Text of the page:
Issue 146 — 

Jona Colson (ArLiJo#146)
Gregory Luce (ArLiJo#146)
Miles David Moore (ArLiJo#146)
Sasha Reiter (ArLiJo#146)
Jona Colson

Featured in ArLiJo Issue No. 146

Interview with Jona Colson [JC] poetry editor of This Is What America Looks Like: Poetry & Fiction from DC, Maryland, Virginia (Washington Writers’ Publishing House, 2021) with Robert L. Giron [RLG].


RLG:
I’m focusing on the poetry in the anthology, but to start, who came up with the idea for the anthology?

JC:
The fiction editor, Caroline Bock, had the idea for the anthology. It had been over 25 years since the Washington Writers’ Publishing House published an anthology, and Kathleen Wheaton, the president of the press, agreed. I offered to edit the poetry for the anthology, and, luckily, they agreed.

RLG:
It’s not often that one sees poetry and fiction in an anthology vs a journal, do you believe the two genres balance each other?

JC:
They balance each other in terms of craft. One genre distills images when another can expand. The use of dialogue and figurative language. The anthology harmonizes the best of each.


RLG:
I know you focused on the poetry entries. What criteria did you use to select material for the anthology?

JC:
Again, a balance—topic, theme, and form. There were so many wonderful poems that we didn’t have room to include. That is always a tough choice, and often it came down to representation, context, and inclusion.

RLG:
In your introduction, you mention the variety of styles, etc. Did you find that a particular style worked better than others? If so, why?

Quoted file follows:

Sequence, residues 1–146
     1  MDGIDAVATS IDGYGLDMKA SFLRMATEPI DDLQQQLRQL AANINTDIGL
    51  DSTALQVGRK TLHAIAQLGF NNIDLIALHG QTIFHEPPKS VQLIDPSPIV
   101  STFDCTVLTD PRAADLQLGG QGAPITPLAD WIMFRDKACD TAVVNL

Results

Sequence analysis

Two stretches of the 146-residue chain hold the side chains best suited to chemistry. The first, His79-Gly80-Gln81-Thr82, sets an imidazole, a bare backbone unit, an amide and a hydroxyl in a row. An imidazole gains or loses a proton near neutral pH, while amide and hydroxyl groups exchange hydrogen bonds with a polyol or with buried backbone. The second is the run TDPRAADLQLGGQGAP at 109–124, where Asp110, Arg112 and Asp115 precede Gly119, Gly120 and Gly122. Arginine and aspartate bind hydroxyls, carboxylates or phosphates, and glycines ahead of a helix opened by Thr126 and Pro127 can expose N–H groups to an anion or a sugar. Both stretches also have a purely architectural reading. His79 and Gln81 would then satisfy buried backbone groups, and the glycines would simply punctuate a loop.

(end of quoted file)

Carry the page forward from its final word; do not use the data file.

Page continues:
JC:
I didn’t find that a particular style worked better. And, actually, that was something I wanted to avoid. I tried to include all styles of poetry—some are more experimental in their form and require closer readings. Other poems are more “traditional” and have a clearer narrative. Many styles of poetry are included here from diverse writers.

RLG:
Are there poems that speak to the purpose of the anthology more than others?

JC:
All the poems speak to the purpose in some way. There are poems that have a more evident response to the topics—pandemic, social unrest, politics—but there are others that offer a more subtle response to America now—family, belonging, ideals. I think that they all work together to form different threads of the anthology.

RLG:
The subtitle states poetry and fiction from DC, Maryland, and Virginia, was living currently in the region a requirement to be included?

JC:
It was a preference, but we also accepted work from writers who had a strong tie to the region, or once lived here.

RLG: